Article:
I know. I am supposed to be the silently pining wife, checking the doorstep every day for that awful moment that no family member of a deployed soldier ever wants. My life is supposed to be like either a Norman Rockwell painting or that of a character in a TV sitcom living crisis-to-crisis complete with close-up moments.
But being a milspouse is not quite that way. While we miss our loved ones a lot, in fact they cross our minds constantly, life goes on. And if I can be even more precise, life is good. The reactions I've had when people learn my husband is deployed have ranged from gratitude to verbal lashings, but the worst are those who become weepy. The reason I say it's the worst is that there's nothing I can say or do to convince them that we don't live our lives as though it were an impending tragedy.
Getting on with life means learning that the dog can walk up to 90 minutes a day for several miles. One cat can tear through 12 pouches of food in a week if you listen to his lies. I've also gotten used to feeding teens by buying large bags of food, not once but several times a week. I've discovered that the equivalent to kibble for teens is cereal. Holding the fort alone also means saying "no" to most of the fashion shows I used to cover because it's hard to be gone from 8 am to midnight every day during Fashion Week. Not having him here also means helping the kids learn to drive, helping with their homework, taking them to summer camp, to visit relatives in other states — all of on my own. But truthfully? I can't really complain; after all, single parents have done this through the ages. My situation is only unusual in that my husband is at war.
This doesn't mean that there isn't stress. But it's not the stress of the old days, when it came in waves. This is more like a silent nag, always wanting to put its nose over your shoulder. Like many, I've learned to bat it away. My method of coping is daily yoga, reading, and writing. The one thing I don't do is watch the pundit shows or get bogged down in politics. Because really — there is the political argument, and then there is the military argument, which are two different things. If I listened to all the infighting, then I'd hug the nag, which isn't an attractive option. But this doesn't mean that I don't read history, culture, and war books, scan the papers for a glimpse of life over there, or haven't formulated my own opinion. Guaranteed, my being a milspouse also doesn't mean what I think stays behind my prettily pursed lips. And that is getting on with life as well.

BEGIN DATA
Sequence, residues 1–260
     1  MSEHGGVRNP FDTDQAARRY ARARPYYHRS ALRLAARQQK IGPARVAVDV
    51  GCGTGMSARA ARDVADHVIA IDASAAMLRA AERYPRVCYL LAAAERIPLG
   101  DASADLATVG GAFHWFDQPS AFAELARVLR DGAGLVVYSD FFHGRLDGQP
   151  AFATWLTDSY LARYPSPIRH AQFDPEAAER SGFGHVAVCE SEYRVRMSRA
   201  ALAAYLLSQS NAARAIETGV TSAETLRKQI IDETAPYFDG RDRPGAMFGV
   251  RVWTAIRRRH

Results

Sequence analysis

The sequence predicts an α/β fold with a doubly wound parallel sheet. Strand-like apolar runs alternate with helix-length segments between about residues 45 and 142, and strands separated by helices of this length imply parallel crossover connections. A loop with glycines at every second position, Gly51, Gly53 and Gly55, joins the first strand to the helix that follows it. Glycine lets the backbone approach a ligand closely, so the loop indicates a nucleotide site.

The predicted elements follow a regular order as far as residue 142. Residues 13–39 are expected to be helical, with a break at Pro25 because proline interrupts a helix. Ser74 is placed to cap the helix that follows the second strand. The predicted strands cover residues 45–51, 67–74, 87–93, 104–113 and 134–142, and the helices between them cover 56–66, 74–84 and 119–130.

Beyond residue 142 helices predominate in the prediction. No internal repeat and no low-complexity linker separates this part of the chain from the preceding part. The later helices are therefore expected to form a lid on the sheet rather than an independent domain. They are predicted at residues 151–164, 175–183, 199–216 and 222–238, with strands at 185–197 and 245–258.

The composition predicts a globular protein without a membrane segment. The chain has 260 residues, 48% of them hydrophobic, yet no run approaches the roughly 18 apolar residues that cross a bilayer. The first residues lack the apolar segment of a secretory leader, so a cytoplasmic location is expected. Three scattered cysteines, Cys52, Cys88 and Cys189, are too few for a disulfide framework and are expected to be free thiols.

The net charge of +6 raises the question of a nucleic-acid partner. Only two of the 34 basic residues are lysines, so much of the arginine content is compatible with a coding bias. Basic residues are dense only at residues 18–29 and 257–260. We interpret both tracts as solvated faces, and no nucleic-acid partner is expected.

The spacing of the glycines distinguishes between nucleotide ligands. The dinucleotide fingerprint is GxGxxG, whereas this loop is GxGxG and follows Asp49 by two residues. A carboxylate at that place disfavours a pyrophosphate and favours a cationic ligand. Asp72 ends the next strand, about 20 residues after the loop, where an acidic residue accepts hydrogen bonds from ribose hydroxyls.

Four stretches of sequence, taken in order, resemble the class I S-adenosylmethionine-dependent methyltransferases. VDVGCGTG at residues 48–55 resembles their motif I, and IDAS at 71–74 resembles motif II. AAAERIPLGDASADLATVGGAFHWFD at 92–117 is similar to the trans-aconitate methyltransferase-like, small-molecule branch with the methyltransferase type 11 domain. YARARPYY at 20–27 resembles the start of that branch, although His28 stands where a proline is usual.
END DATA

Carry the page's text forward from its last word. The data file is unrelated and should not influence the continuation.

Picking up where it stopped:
We get mail from my husband. And though there have been very worrisome times (meaning, more than usual) under conditions that would send most of us packing, he does have some funny things to share.
Last night we had an interesting patient at the clinic. He is one of the local leaders and enjoys the respect and loyalty of a large following. Injured and initially treated elsewhere, he came here by helicopter for the remainder of his care.
It was late and he was very tired but people kept filing into the clinic, each wearing the standard third world camo with sandals. I was startled as I looked up from my examination to see some thirty to forty well-wishers, crammed Kalishnikov-to-Kalishnikov into the tiny clinic, analyzing my every move. "Late. Him rest," I tried in my primordial Pashto. "Yes-yes, of course," they murmured. No movement. Now through my translator, "Tell them the man is tired and must rest. Everyone who is not family must go now." "Absolutely… good," they agreed. Nobody moved. They continued to watch, commenting quietly to each other. A bit frustrated, my translator made another attempt. Nothing. Finally a well-dressed young man squeezed over to me and spoke apologetically in quiet, perfect English, "I must tell you, Sir, your patient has three wives and twenty-seven children. We are, all of us, family."
It's little pastiches of his life over there that make it easier for me to not be the desperate milspouse. I know that he loves what he's doing and that his world is being expanded. He hates war, loves the people he's working with, finds great value and growth in helping the locals. It doesn't make the situation perfect, it doesn't mean that I worry less, but the fact that he's found a role over there helps me carry on with my life.
Are we milspouses a tough group? Not as tough as one might think. As I said to novelist Khanh Ha who grew up in a war during a different era, "Though your experience was direct and mine is on the periphery, war is a part of both of us, whether or not we like it." The truth is that both of us have learned to get on with things. We are and will be forever putting this into perspective. But I still like a good laugh, I gasp when I see an unimpeded view of the valley outside, and I yearn for the day when a knock at the door can only mean the postman or a friend.